The raves keep coming for the rhinestone-encrusted Liberace biopic BEHIND THE CANDELABRA and the sets that brought his world to the screen! The Steven Soderbergh film opened Cannes Film Festival to a wildly enthusiastic response and continued on to its home run on HBO.

Soderbergh once again entrusted Production Designer Howard Cummings and Set Decorator Barbara Munch Cameron SDSA [HAYWIRE, MAGIC MIKE] with creating the visual foundation for his film. This time, there was the added twist of depicting a legendary personage…it would be the re-creation of the last 10 years of the flamboyant entertainer’s life, 1977-87, focusing on Liberace’s [Michael Douglas]  lavish lifestyle as well as his stage performances and his closeted relationship with the much younger Scott Thorson [Matt Damon].

Liberace’s exuberance extended offstage as well as on. He was fond of quoting Mae West, “Too much of a good thing is wonderful.” Cummings notes, “She said it. Liberace lived it.” Excess was his signature, along with crystals and rhinestones. “We had fun with the excess,” Munch Cameron says with a twinkle. “Liberace collected any number of things. I tried to find things in pairs because he never seemed to buy just one of anything. If there were 2, he would buy them. If there were 6, he would buy them. If he liked something, he’d buy all of that were available.”

 Chandeliers and candelabras…

“100 large candelabras and chandeliers were required to achieve the amount of dazzle we needed,” she adds. For Liberace’s stage sets, she had two 50-foot trailers filled entirely with chandeliers sent to Las Vegas. “There are 8 chandeliers hanging over the stages, I think there were a dozen up in the air in Las Vegas…they were all the big ones at Omega Cinema Props. We had every single one of their large chandeliers. The key thing with Liberace is the matching, and Omega had multiples of the chandeliers. So we took those 8, and 4 of another, plus 2 really huge ones, and then 4 pairs of a different style chandelier…also, pairs and pairs of wall sconces and their 4 large standing candelabrums on gold pedestals, expensive, but phenomenal. House of Props had beautiful candelabras and candelabrums that lit up…the two hero candelabras on Liberace’s pianos were antiques from there. We got pieces from all over Hollywood, but Omega and House of Props were our main resources because of the multiples and the quality. And they both had items that Liberace had actually owned!”

“Buyer Libby Morris and I went to the same people that Liberace dealt with…as much as possible. For instance, Lester Carpet had made the original zebra-striped carpet for his penthouse in Beverly Hills. They pulled out the floor plan of the apartment and were able to give us the exact same carpet.”

Liberace had shopped at design boutique Phyllis Morris in West Hollywood, where among other objets d’art, he had purchased a large poodle lamp. With that info, Munch Cameron said she then bought every poodle statue she could find, “The bigger the better!” From Phyllis Morris, she rented a reproduction of an ornate 19th-century French piano with filigreed ormolu that she used in the re-creation of his opulent Las Vegas home.


“Liberace had an exclusive deal with Baldwin regarding pianos,” reveals Munch Cameron. “He never had to buy one! We discovered that Baldwin Piano is now owned by Gibson Guitar. The mirrored glass grand piano that Liberace had in his penthouse currently resides in the Gibson showroom at their corporate offices in Beverly Hills. They loaned us the piano, which we had to have hoisted by crane up to the penthouse, and which we were later able to send to Las Vegas to pair with a matching one (of course!) that he had used in a dueling piano scene on stage.”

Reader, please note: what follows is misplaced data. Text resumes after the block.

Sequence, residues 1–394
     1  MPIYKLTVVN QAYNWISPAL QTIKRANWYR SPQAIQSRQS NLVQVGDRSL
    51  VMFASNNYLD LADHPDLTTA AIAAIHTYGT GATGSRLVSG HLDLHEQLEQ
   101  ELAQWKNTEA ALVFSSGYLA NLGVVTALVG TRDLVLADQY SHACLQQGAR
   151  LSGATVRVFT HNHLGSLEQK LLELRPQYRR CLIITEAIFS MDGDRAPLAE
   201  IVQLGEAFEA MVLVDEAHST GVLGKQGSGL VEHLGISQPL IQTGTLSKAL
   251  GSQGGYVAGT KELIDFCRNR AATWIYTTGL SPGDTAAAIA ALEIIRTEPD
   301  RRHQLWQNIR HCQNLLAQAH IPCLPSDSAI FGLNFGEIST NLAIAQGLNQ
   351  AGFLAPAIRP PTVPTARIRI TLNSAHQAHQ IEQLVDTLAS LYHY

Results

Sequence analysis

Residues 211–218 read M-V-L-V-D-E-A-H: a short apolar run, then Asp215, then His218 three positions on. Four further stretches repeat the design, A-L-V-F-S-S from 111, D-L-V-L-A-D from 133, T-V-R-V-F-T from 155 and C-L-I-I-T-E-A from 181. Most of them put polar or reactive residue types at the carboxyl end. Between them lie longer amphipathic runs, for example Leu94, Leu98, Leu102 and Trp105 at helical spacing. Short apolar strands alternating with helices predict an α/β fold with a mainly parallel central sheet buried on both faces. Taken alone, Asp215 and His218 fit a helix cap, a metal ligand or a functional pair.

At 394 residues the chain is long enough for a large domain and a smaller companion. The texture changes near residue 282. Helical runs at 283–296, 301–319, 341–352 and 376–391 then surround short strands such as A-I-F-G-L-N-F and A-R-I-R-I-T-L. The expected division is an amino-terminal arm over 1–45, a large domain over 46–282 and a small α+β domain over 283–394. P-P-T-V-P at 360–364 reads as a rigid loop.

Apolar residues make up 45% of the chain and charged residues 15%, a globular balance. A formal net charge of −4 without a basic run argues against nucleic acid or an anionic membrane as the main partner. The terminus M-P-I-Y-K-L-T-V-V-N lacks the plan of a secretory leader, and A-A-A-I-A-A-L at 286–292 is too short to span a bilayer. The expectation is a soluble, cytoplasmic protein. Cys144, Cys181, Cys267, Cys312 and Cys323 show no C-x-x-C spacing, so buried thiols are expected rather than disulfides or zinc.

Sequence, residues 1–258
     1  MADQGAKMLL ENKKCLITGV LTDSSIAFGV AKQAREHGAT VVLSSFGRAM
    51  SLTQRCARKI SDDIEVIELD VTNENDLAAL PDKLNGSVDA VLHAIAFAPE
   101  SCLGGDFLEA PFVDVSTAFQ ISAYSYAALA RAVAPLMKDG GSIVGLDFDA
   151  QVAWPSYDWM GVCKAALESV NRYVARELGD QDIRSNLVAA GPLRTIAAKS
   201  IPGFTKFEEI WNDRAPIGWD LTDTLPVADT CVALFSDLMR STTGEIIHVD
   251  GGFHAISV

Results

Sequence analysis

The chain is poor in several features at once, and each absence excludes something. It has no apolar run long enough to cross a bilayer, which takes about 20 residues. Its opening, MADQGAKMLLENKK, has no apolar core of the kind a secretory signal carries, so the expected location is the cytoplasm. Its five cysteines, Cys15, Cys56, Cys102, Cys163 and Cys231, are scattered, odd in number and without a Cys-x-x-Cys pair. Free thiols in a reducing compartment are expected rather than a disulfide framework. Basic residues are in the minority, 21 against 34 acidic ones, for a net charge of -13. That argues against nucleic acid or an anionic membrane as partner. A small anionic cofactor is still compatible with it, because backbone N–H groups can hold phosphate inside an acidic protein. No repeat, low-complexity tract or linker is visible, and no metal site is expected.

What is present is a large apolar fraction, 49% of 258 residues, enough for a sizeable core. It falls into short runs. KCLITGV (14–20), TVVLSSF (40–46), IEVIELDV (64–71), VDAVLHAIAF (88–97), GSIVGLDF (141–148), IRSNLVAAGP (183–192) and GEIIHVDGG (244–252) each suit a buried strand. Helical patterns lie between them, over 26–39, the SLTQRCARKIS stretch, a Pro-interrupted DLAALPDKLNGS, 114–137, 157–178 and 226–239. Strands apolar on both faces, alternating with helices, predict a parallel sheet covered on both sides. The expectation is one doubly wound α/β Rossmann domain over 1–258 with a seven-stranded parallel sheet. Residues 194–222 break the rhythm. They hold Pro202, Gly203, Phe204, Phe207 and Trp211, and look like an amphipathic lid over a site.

“The Liberace Foundation has ownership of the companion piano and several of his others, all of which they generously loaned us for the stage scenes.”

Pianos also appear in the two Palm Springs houses. Although we only see a glimpse, the living rooms in both houses were fully dressed and included pianos, a white one in his mother’s house and burnished wood in his last home, The Cloisters.


The sets are filled with statuary, interiors and exteriors. Sculptures appear in every room and around every pool. A full-scale Hermes stands outside the bedroom window at his Las Vegas mansion. [It was also used, gilded, in MAGIC MIKE.] “That’s from Greenset,” Munch Cameron says. “We took all they had and gathered all we could from other places, and then had everything painted fresh.” She laughs, “We swooped up every single naked David statue in Hollywood, from mini to giant.”

Copies of Liberace’s portraits, with Michael Douglas as Liberace and Debbie Reynolds as his mother, were commissioned, painted by Alex Tavoularis. The Liberace Foundation holds the originals.

 Las Vegas house…

Liberace described his style as “palatial kitsch”. In the film he says, “I just love it!” His Las Vegas home, 15,000 square feet, 20 rooms, was “…his interpretation of Versailles,” says Cummings. It also reflected his enchantment with King Ludwig II, the mad king of Bavaria’s, sense of décor.

The ceiling of the master suite was painted as homage to the Sistine Chapel, the bathroom an homage to himself…a painting of his head floats among keyboards and cherubim on the bathroom ceiling. Marble Grecian columns flank the stepped marble tub. There was much press during Cannes re: the tub, not always accurate. Munch Cameron clarifies, “Libby found the guy whose father made that tub for Liberace…the son still has the company. He said, ‘I have the recipe and the drawings, so I’ll just make the whole thing, with the columns and everything’…and he did!”